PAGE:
Tomorrow is a benchmark day for gold as traders have been counting on a crisis in Iran to maintain the fear premium (approximately $100) that has been slowly working its way out of the commodity since it peaked at $730 on May 12th.

This fear premium, skillfully maintained by oil traders as they pump their little commodity for all its worth, has been undeservedly bestowed upon gold even though there is no threat to the gold supply.

The fact of the matter is there is simply too much gold coming out of the ground and if speculators stop snapping it up, we will move quickly into a glut.

World Gold Council reports show that supply hit 1,045 tons in Q4, 15% more than in Q3 while demand decreased from 891 to 850 tons. Much like the USO ETF, had it not been for the GLD and similar funds, which took possession of over 158 tons of gold in Q4 alone, close to 300 tons of unwanted gold would be finding its way onto the spot market.

Jewelry demand is down to 590 tons, the lowest since 2003 when gold was fetching just $350. Jewelry accounts for 71% of total global demand for gold! This is why strong GDP data trumped falling interest rates to give gold a small boost today, there are not enough speculators to support a lack of consumer interest.

As we expected, according to the AEMQ report, Central Banks liquidated 662 tons of gold in 2005, taking advantage of inflated prices to rebalance their holdings. .

2005 scrap recovery hit a record and this trend continued as gold climbed in Q106 but in the first quarter, supply was artificially reduced as miners used excess production to reduce hedged positions. A reverse of this process (more hedging) could drive supply suddenly up.

In Q1O6 speculators snapped up 196 tons of gold at record prices, a situation that did not abate until mid-May, close to the end of the second quarter. While miners attempted to cut back production, 305 tons of scrap metal were turned in during Q1 alone forcing the Cental Banks to cut their selling by 50% in order to maintain market prices. The CBs have until September 26th before their sales quota resets and then it may be game on for gold bears!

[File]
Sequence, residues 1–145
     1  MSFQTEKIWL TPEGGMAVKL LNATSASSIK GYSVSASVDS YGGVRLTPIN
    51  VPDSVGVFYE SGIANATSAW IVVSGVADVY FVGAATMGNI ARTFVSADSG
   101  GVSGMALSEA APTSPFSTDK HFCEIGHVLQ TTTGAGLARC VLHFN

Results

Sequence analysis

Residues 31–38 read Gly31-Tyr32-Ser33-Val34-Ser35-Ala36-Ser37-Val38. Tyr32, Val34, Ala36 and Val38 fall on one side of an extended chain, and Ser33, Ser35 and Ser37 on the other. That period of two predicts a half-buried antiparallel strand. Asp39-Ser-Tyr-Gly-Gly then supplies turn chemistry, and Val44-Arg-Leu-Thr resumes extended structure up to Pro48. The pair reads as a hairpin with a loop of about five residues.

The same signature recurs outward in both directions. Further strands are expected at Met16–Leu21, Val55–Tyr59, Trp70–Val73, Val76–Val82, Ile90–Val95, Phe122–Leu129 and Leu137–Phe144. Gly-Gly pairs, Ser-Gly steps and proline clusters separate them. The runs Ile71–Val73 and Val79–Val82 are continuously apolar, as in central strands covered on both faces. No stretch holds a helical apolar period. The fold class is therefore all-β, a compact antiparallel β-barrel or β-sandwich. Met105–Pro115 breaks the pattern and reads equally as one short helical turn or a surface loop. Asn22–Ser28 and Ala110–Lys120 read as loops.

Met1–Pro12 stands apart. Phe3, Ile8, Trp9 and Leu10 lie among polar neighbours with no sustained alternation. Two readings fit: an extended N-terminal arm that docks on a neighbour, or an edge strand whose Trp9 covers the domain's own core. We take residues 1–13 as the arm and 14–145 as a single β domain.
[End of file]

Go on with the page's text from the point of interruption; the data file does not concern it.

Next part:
According to the Quebec Mineral Exploration Association’s President:…
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Wednesday Wrap-Up

Bad Iran, bad, bad! There, I have officially done more to reprimand Iran than the UN will tomorrow. Still, as expected, oil traders made that the story of the day (apparently the 45 day-old deadline was quite the surprise on the NYMEX floor at around 11:30) and got oil back above $70 at the close. They forgot to bring natural gas with them, possibly because it is virtual portfolio suicide ahead of the inventory, and it dropped back to $6.50 after spending 15 minutes above $7 yesterday. We are firing on all cylinders with the indices moving closer to my test marks in a nice, orderly fashion. The SOX punched through 450 with a big finish but the Transports provided the day’s biggest disappointment and that does worry me – more on that tomorrow. There is no more room to grow without testing our tops so tomorrow will be a very interesting day. Oil, as I mentioned, kissed the $68 level but got rescued by frenzied buying that came out of nowhere for no reason. It is taking a greater effort every day to pump up the price of oil. You can see from the 5 day chart how unnatural buying is not really good for a stock as USO was pumped from slightly oversold to massively overbought in just 4 hours. Notice what happened to them last Friday when it opened at this level!;range=5d;indicator=ema(50,20,5)+stochasticslow+volumema(5);charttype=candlestick;crosshair=on;logscale=off;source= You can also see how the volume is increasing each day with heavy selling each morning followed by pump action buying to reel in the next round of suckers, or bagholders, to use the official jargon. XOM had the strongest volume in two weeks and did not follow oil back up as 24M shares were traded around $68, just 3 days after posting a new all-time high of $71 on 18M shares. This brings XOM below the 20 dma (now $69) for the first time since 6/29 when it traded at $61 and oil was at $74. Note the serious (20%) divergence of Exxon from the price of oil since 7/17 : So since topping out, just 100M of the 5Bn outstanding Exxon shareholders have gotten out. If funds want to lighten up just 5% on XOM, they have no choice but to sell into any strength as it would take 10 days of double average volume to work off 5% of the…